When he reached home. He informed his wife he had given his students a reading day and was going to spend the day hunting for morels. “That's nice, dear. I'm sure your students appreciate your gesture,” Mary Markem opined.
Before Markem could change his clothes, his wife said, “Dear, I'm in the middle of making treats for my card group. Could you do some shopping for me? It's a short list.”
Mary Markem's request posed a problem for the good professor. He did not want to deny his wife's request for help, but he did not want to be seen at the IGA when he should have been teaching his classes. It was a major problem only for a moment. Markem decided he would use a disguise. Thus, he donned Karhide coveralls, a ragged Chicago Cubs sweater, and a DeKalb seed cap. To complete the disguise, he wore a fake full-length black beard that must have weighed five pounds. Then he was off to the IGA.
At the entrance to the IGA, Markem encountered a stern lady collecting money for the Salvation Army. She looked closely at him and declared in a loud voice, “I know you! You're a professor from down at the college!”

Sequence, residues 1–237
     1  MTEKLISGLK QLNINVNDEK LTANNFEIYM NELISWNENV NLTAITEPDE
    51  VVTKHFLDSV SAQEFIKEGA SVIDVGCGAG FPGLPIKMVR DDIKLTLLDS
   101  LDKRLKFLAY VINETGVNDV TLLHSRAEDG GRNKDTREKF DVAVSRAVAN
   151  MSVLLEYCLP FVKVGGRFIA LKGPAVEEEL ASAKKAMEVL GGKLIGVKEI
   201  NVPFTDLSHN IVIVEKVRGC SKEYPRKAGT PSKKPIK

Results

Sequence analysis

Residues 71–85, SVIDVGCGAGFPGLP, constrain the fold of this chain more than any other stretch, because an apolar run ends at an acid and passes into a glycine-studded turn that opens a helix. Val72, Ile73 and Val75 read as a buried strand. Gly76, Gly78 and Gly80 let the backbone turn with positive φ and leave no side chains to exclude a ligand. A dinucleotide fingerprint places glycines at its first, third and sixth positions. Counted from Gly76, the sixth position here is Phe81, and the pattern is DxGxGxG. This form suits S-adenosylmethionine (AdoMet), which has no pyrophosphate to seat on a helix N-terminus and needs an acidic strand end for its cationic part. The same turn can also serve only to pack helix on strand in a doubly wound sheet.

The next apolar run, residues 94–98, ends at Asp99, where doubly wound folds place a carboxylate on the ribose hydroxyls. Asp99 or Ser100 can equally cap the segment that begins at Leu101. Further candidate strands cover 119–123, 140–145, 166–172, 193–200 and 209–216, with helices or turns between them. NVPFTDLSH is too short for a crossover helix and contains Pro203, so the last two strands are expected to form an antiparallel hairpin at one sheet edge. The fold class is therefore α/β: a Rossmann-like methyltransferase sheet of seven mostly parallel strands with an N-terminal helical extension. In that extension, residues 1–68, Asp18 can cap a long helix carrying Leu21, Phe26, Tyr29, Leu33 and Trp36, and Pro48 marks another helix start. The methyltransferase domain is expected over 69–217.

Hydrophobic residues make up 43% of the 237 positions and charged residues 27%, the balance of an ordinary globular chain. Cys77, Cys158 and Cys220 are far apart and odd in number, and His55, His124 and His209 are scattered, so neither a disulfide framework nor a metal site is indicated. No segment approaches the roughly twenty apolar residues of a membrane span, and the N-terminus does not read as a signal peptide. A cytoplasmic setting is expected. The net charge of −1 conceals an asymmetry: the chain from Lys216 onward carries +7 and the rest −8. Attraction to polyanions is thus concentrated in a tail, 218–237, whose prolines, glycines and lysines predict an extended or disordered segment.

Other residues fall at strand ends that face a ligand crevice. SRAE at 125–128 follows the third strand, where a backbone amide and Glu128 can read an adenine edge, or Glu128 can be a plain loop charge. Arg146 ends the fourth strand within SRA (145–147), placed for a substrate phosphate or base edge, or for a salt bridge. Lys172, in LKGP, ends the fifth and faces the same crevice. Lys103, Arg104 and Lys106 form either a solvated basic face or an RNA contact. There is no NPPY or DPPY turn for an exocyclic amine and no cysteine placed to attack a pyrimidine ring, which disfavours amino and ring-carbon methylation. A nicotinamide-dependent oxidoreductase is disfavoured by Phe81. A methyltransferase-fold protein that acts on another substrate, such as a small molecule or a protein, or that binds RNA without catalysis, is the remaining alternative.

Needing to silence this lady quickly, Markem came up with a Kurt Vonnegut limerick. “No, madam, my name is Yon Yohnson. I live in Wisconsin. I work in a lumber mill there. The people I meet when I walk down the street, they say 'What is your name?' I say, 'My name is Yon Yohnson. I live in Wusconsin. I work in a lumber mill there. When I walk down the street, the people I meet they say, 'What is your name?'”
The lady shook her head, “I guess I was mistaken. Have a good day, Yon Yohnson.”
Markem picked up a small basket for the four items on the list. He got three very quickly, but the fourth one bewildered him. On every list his wife had given hm there was one item he had no idea where to find. On this list it was garbanzo beans. Now where on earth would garbanzo beans be shelved? Markem decided to ask the girl who was shelving items. “Megan, where would the garbanzo beans be?”
Megan smiled and said “They’re in aisle three. I’ll show you.” And Megan led the grateful professor to the beans.”
With the items in hand, Markem raced to the checkout counter to pay for his purchases. Sure enough, there was a long line of customers waiting to check out. And the checkout person was new and as slow as a glacier. She was checking out a customer who had two shopping carts piled high, apparently intending to feed the Chinese Army.